When I resigned from my previous job I said to myself: “It’s fine, now take it easy, take your time to find a new job, spend time with friends, study, relax and bla bla”. Let’s say that I gave to myself a month to find a new job and take time to settle in the new city I moved in just a couple of days ago.
Instead by the end of this month I am starting a new temporary job as Assistant Librarian in a brand new sector for me: health care libraries. How exciting! I went for my interview literally yesterday. It was absolutely fine: nice questions and a test in which I had to perform a medical literature search using ProQuest. My background is primarly about Humanities and Arts and it’s going to be interesting the fact that I have to master specific knowledge in order to support healthcare professionals. Let’s face a new learning curve.
“Homo semper aliud, fortuna aliud cogitat” (Publilius Syrus) means “A man always plans one thing, and Fortune plans something else”…so true.
Now that I am “temporaly” unemployed I am thinking about writing about my experience as job seeker in the library/heritage/information sector.
Despite the outcome of a job interview, requesting feedback is the key thing. I normally request it and it’s so interesting, in the post-match analysis, to realise what the panel was really looking for (unfortunaly too late). At the end it’s a learning process.
Feedback could be sent via email or phone call. This is my personal experience:
GREAT! I love hearing directly from a panel member the reasons why I was not selected. This happened to me last month and I rated the call five stars. After the usually sugar-coated intro, like “you were a strong candidate but on this occasion, you have not been successful” comes the interesting part. Initially it’s hard to accept real-time constructive feedback, for example “you did not show enough experience in handling academics’ requests” or “you need more experience in managing a team”, but in a couple of hours I realised that she was absolutely right. This is were the magic happen: I discovered that, as she highlighted, in my previous jobs I did not cultivate enough relationships with academics or supervise experience and they are now key things I have to work on as part of my CPD.
I am not generally satisfied because feedback sent via email is usually written in a polite but general tone that do not investigate in depth the actual answers I gave and the reasons behind a decision. The title of this post is connected with one of my latest feedback I received. Please read that with me…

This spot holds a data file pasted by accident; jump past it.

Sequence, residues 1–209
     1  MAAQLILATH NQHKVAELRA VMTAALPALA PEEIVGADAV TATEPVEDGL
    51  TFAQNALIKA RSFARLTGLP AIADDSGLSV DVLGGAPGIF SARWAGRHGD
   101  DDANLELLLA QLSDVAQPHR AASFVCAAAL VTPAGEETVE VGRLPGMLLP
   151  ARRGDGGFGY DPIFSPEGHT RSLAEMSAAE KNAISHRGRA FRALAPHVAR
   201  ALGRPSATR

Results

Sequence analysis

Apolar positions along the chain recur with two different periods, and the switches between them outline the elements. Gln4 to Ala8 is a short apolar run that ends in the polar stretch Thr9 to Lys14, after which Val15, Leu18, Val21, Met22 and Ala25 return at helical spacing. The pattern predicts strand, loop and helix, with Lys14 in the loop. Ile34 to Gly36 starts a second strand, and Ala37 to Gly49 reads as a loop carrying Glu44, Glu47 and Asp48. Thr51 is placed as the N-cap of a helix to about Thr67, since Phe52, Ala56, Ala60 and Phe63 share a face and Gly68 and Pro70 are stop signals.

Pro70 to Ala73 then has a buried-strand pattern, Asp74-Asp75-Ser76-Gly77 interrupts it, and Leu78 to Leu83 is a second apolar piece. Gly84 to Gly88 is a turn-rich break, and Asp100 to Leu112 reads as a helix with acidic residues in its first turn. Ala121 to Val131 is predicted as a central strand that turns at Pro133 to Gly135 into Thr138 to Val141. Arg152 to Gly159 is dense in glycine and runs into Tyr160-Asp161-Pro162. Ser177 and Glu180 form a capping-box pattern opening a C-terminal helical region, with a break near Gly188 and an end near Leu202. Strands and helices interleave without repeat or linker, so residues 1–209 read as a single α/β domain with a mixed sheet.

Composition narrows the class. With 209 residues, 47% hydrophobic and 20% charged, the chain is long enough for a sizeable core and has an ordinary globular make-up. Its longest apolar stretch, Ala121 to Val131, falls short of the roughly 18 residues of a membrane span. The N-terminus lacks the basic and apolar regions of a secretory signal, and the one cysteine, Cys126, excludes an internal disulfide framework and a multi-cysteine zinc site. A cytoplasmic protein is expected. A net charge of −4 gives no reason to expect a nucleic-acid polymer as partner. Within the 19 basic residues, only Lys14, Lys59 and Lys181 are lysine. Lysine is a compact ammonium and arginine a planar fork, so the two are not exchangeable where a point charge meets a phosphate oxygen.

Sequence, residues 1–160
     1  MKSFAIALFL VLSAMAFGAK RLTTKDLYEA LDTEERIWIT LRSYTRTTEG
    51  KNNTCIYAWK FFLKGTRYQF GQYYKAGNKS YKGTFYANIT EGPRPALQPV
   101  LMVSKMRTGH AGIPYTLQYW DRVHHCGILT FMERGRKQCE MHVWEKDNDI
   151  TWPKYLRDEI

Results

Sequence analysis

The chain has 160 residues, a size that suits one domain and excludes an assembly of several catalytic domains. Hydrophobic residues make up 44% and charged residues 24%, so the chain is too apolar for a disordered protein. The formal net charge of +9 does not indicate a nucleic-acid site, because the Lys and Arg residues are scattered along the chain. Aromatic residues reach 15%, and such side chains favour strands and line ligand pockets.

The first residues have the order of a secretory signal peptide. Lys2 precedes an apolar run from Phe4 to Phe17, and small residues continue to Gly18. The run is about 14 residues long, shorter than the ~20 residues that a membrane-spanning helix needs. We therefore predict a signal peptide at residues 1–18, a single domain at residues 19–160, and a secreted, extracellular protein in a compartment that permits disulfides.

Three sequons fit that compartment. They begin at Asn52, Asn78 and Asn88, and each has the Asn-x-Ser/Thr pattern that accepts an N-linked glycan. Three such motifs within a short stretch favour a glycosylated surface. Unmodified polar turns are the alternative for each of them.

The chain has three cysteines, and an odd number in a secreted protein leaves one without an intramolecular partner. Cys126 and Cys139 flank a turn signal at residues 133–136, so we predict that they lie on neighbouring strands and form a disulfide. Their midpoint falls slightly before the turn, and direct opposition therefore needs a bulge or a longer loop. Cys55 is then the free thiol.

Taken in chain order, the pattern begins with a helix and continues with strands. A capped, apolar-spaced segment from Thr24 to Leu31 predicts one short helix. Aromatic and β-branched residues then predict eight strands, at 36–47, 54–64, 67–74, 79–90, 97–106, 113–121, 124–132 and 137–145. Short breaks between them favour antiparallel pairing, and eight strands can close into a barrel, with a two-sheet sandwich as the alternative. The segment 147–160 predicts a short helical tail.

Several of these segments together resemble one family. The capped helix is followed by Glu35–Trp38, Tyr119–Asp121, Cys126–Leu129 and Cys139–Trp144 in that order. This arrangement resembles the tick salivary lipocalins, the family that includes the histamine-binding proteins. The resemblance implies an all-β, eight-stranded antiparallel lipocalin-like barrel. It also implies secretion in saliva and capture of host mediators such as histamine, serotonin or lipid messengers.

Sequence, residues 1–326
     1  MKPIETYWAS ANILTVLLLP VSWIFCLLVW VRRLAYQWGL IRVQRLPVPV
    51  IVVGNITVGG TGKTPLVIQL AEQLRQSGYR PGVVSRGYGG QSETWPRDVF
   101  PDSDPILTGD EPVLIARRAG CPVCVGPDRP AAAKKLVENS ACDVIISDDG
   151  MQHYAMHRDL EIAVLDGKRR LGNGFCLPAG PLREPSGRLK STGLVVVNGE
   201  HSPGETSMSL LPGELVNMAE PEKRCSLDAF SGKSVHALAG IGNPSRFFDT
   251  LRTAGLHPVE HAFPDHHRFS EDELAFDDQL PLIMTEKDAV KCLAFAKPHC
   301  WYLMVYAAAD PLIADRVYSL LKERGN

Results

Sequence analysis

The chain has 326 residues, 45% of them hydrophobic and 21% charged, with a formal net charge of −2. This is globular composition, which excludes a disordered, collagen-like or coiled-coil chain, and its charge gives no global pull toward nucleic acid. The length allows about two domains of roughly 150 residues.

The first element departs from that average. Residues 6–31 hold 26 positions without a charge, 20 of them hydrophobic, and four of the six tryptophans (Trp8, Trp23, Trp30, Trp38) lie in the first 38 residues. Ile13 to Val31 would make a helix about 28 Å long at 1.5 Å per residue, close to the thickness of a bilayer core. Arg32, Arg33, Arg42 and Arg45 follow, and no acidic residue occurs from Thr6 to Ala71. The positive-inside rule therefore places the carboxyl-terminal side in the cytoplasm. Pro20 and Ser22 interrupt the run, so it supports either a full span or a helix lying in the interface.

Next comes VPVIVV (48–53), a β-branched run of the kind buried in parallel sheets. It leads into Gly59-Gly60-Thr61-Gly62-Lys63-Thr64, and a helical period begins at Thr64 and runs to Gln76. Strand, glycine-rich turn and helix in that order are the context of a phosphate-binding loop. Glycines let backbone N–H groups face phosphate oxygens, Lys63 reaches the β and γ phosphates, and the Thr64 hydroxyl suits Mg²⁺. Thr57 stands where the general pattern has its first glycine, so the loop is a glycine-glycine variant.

An excellent job application covering all essential and desirable criteria. You gave a fabulous interview and were very engaging. It was very clear that you had researched the post and the University beforehand. You supported most of your answers with examples and overall it was a very difficult decision. We would like to wish you all the best for the future.
It’s sounds like it’s not you, it’s me. Wait a second…are you breaking up with me?
My job hunting goes on…
During the last months I have been invited to three job interviews up North (the fourth is coming soon) and “after careful consideration they regret to inform me that on these occasions they have decided not to progress my application any further”.
Oh well…it’s life!
I have to admit that I have enjoyed taking part to those recrutment processes mainly for two reasons. First I had the opportunity to visit universities, explore libraries and meet professional people. The other one is that I am now “familiar” with the process and the kind of questions asked.
So, why am I still looking for a job If I feel confident of my ability and skills? Well, simply because I have under control only the 40% of the job interview selection. Let me explain my theory:
I have under control just my personal job interview performance, that I evaluated around the 40%. I can be brilliant, have a connection with the panel, be relaxed and enthusiastic however it’s not enough.
On the other hand there’s another 40% derived from the “others’ performances”. I don’t know who I am going to be compared to, maybe there’s someone with a lot of experience, maybe internal, maybe with great answers. Who knows?
Up to this point the situation is quite balanced: 40% VS 40%, and here it comes the mysterious and unpredictable 20% that determines the final score. I call it luck, vibes, sync. It is obviously true that, as any other candidates, I am marked agains neutral criteria however if two candidates are closed with their marks the final result is determined by “others factors”. Maybe the manager is looking for someone quite and that fits into a particular team. In this section I would include also scenarios when shortlisted candidates drop the offer down or they do not come to the interview.
All of this just to say that I am optimistic and on zen. Wish me luck for the next interview. May the 20% be with me!